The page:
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NEW! - Keywords For This Page:   Procrastination - Time Management - Productivity - Being Disciplined - Efficiency

Overcoming Procrastination

Feel free to use this tip sheet / checklist as you tackle your own ""do-it-yourself"" organizing projects. If you would like to REPRINT or DISTRIBUTE this information, please click here for reprinting instructions.


  • start with a written plan of action to avoid getting distracted
  • keep your plan simple and straightforward
  • start with the one thing you must get done today to feel productive
  • should be a manageable item you can complete in 10-15 minutes
  • break the day up into a number of "action sessions" for other tasks
  • balance the time spent planning with time spent creating or doing
  • avoid over-planning -- another method of procrastination
  • before ending your day, spend 10 minutes reviewing your progress
  • take time to plan your actions for the next day


  • your tasks should match your values or purpose
  • if not, you will find it hard to summon the energy to tackle them
  • bring each task into congruence with your basic mission
  • if you can't, take it off of your list


  • don't put any "to-do" on your list that takes more than 30 minutes
  • if it takes longer, it's actually a series of smaller "to-do's"
  • break each step out and list it separately
  • you don't have to tackle all the steps of a project in one sitting
  • spread a large task out over several work sessions
  • you will see greater progress as you check more items off your list
  • you will avoid getting bogged down in one large task or project


  • determine how much you can do or tolerate at a time
  • don't push yourself too far or you'll get bored or frustrated
  • plan these project "pieces" into your daily activities
  • set a "completion point" for accomplishing each small task
  • completion points give you an end in sight to look forward to


  • don't try to do everything perfectly
  • perfectionism often causes procrastination
  • perfectionists would rather put it off than do an incomplete job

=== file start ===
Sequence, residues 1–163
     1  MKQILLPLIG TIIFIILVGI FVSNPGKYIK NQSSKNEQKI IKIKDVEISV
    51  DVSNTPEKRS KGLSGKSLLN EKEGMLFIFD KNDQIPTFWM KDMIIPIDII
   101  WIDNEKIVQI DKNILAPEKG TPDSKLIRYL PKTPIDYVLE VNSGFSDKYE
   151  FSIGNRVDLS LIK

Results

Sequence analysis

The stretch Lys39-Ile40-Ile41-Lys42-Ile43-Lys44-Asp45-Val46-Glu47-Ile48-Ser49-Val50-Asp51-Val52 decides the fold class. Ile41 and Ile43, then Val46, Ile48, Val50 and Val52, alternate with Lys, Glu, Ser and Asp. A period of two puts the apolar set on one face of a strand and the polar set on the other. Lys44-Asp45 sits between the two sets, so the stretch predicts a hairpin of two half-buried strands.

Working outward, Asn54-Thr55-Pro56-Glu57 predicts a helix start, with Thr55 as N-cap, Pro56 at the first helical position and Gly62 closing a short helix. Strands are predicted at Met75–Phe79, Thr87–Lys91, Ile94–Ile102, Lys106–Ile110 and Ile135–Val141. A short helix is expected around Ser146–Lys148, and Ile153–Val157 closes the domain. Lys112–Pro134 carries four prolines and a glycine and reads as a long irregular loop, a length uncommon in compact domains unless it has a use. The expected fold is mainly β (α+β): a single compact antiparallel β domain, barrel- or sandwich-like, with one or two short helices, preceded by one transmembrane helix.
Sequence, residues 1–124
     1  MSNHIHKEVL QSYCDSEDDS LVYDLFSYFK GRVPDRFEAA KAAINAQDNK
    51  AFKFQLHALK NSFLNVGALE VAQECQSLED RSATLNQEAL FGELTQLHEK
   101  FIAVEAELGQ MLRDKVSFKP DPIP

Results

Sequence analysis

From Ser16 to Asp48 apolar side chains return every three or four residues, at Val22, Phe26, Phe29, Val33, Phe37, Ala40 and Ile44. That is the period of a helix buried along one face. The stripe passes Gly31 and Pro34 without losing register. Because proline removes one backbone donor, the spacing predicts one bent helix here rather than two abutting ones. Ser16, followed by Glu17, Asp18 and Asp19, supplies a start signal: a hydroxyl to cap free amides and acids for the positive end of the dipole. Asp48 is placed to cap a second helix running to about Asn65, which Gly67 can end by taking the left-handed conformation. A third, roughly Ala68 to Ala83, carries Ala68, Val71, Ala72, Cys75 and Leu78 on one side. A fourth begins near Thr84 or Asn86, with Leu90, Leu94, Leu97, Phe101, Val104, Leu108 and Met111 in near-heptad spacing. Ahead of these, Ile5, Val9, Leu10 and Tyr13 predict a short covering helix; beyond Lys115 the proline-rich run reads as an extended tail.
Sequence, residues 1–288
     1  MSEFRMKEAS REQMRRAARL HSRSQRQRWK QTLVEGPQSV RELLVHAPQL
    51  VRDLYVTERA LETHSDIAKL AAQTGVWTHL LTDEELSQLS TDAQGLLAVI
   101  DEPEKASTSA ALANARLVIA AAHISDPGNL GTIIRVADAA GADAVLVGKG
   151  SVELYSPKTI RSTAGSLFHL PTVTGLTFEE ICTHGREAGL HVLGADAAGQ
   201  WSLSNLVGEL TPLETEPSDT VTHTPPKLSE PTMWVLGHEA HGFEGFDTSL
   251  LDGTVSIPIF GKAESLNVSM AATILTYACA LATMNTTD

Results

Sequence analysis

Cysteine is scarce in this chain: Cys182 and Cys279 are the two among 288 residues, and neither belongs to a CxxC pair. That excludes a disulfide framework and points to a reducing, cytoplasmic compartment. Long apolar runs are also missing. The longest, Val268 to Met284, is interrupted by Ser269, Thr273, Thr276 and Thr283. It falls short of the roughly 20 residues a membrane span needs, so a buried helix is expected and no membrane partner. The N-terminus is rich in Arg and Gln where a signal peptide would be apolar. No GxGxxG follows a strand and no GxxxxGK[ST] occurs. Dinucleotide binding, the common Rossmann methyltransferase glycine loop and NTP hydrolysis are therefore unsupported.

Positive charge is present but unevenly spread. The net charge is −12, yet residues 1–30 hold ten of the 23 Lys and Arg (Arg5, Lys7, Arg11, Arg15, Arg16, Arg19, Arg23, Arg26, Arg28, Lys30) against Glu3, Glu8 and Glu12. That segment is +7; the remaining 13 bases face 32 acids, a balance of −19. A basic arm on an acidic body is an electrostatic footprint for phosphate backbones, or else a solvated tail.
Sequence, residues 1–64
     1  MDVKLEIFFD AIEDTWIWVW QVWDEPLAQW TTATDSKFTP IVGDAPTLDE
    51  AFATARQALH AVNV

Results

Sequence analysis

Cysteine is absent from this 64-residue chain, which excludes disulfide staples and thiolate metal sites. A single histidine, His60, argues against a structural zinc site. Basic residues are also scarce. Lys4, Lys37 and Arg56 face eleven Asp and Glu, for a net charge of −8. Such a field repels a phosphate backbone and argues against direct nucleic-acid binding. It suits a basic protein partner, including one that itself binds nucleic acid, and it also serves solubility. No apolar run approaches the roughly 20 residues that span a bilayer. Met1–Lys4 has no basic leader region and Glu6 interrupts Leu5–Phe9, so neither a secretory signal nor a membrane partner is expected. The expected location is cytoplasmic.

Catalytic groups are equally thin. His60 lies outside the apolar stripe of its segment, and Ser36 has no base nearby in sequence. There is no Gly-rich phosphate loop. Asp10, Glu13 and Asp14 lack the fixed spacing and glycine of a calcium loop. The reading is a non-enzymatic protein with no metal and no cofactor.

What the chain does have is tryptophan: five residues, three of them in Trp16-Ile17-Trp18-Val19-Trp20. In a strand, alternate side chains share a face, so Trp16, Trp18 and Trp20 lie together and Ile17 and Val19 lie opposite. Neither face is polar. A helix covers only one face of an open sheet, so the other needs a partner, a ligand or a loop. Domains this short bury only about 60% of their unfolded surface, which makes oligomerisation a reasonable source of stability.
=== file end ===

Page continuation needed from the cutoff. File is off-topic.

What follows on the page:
• rather than perfection, aim for progress
  • any small step toward completion is an accomplishment


  • do the worst job (or part of the job) first and get it out of the way
  • once you tackle the part you are dreading, the rest is a breeze
  • stop spending time planning and just jump into doing it
  • set a time limit -- "I'll file papers for 5 minutes"
  • alternate unpleasant jobs with tasks you enjoy
  • delegate out items you can't make yourself do


  • interruptions tend to occur in identifiable patterns
  • notice when interruptions occur, by whom, and why
  • take steps to prevent those interruptions before they occur
  • if they can't be prevented, learn how to delegate to someone else
  • if they can't be delegated, learn how to delay until you are finished


  • make the project and environment as pleasant as possible
  • play music, open a window, have a cold drink, etc.
  • give yourself the best tools and work space for the project
  • take a few minutes to organize your work space
  • a clean desk allows you to focus without visual distraction
  • it's only a chore if you think of it as a chore


  • find an "accountability partner" to track your progress
  • schedule a regular time to check in with a friend or colleague
  • rewarding your accomplishments encourages productivity
  • give yourself a break, a treat, a nap -- whatever is a reward for you
  • reward every step along the way, not just the end result
  • the bigger the accomplishment, the bigger the reward


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